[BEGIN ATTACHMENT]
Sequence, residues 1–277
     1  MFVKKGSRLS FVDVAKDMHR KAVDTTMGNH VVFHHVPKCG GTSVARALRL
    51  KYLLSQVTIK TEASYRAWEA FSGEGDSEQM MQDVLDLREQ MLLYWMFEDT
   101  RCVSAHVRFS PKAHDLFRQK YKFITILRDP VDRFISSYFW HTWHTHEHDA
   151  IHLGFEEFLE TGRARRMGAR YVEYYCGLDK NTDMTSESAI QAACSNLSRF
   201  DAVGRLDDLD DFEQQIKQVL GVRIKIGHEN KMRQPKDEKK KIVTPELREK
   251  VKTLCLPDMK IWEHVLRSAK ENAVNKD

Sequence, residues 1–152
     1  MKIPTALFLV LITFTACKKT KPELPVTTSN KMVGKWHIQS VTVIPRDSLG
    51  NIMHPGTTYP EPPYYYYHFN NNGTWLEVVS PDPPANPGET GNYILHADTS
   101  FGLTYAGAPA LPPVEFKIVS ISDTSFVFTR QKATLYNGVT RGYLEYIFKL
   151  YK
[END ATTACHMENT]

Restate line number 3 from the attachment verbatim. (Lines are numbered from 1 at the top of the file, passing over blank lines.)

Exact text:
    51  KYLLSQVTIK TEASYRAWEA FSGEGDSEQM MQDVLDLREQ MLLYWMFEDT